During the past half-century, the fundamentals of the science of cryobiology have evolved to the point where low temperatures are now used extensively as a means to protect and preserve biological systems during enforced periods of ischemia and hypoxia. In practice, preservation is achieved using either hypothermia without freezing or cryopreservation in which the aqueous system sustains a physical phase change with the formation of ice. Survival of cells from the rigors of freezing and thawing in cryopreservation procedures is only attained by using appropriate cryoprotective agents, and in general, these techniques are applicable to isolated cells in suspension or small aggregates of cells in simple tissues.
As efforts continue to work to standardize and optimize work flow related to the use of biologics in clinical and research settings, a working group of experts from academia and industry was convened to author a series of Best Practices articles covering a series of specific area in cell culture. One such article, written by Drs. J.M. Baust, L.H. Campbell and J.W. Harbell, addressed the topic of "Best Practices for Cryopreserving, Thawing, Recovering, and Assessing Cells".
Baust et al. introduce the subject: “Long term storage of cell stocks insures that cells are available for use whenever needed. Cryopreservation of cells is the method of choice for preservation of important or rare cell stocks. There are several factors to consider when establishing a protocol for freezing, thawing and recovery of cells after storage. These parameters may include cell concentration, cryoprotectant choice and concentration, and thawing rate among others. Further, the assessment of cell viability and/or function prior to and following cryopreservation is imperative in order to accurately determine downstream utility as well for optimizing the cryopreservation process."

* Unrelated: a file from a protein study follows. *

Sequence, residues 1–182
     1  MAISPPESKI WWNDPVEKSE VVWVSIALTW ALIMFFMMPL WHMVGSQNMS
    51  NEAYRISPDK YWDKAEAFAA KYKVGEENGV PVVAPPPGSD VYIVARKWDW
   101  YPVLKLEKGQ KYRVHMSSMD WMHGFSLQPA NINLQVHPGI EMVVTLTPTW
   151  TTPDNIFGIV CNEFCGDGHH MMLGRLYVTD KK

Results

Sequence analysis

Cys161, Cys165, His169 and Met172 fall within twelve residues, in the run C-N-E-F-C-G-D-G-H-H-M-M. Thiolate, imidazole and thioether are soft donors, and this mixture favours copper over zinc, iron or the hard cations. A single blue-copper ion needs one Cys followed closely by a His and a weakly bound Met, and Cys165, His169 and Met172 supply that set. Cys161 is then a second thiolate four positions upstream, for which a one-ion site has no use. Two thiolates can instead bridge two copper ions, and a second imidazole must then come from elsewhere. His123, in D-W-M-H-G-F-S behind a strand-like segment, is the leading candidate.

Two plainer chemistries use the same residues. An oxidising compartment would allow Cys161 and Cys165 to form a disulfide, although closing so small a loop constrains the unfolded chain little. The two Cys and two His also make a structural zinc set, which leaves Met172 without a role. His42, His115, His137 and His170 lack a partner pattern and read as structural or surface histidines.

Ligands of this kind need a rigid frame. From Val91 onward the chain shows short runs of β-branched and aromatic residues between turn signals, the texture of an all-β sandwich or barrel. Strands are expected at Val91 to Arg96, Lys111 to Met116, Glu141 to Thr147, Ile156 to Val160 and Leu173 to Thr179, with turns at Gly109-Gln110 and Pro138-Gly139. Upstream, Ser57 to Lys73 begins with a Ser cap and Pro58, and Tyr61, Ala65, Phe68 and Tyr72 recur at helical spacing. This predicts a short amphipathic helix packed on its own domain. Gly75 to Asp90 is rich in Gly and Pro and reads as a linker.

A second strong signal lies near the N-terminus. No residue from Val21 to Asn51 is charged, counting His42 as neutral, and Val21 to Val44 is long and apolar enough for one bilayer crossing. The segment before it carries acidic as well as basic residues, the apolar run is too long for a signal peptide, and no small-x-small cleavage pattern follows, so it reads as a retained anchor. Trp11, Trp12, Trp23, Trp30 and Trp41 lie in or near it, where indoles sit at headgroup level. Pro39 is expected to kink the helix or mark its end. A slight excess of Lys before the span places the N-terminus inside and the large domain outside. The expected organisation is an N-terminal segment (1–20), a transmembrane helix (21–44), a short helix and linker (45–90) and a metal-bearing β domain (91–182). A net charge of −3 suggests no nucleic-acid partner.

The authors continue: “In addition to the physical impacts of freezing (ice formation, solute concentration and freeze induced dehydration) … there is also a biochemical/molecular based impact. … a result of several factors including (1) a decrease in available energy and metabolic activity, (2) biochemical pathway uncoupling and (3) activation of stress response pathways. The manifestation of this sub-lethal damage may not be evident immediately after thawing but may take several hours to days to be detected.” All these factors affect the overall survival of cells.
Summarizing the goal of the article, Baust et al state: “This chapter is designed to provide guidance and insight into developing robust and successful protocols for preserving cells that will preserve cell stocks and provide optimal cell yield and viability.”
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In Vitro Cellular & Developmental Biology - Animal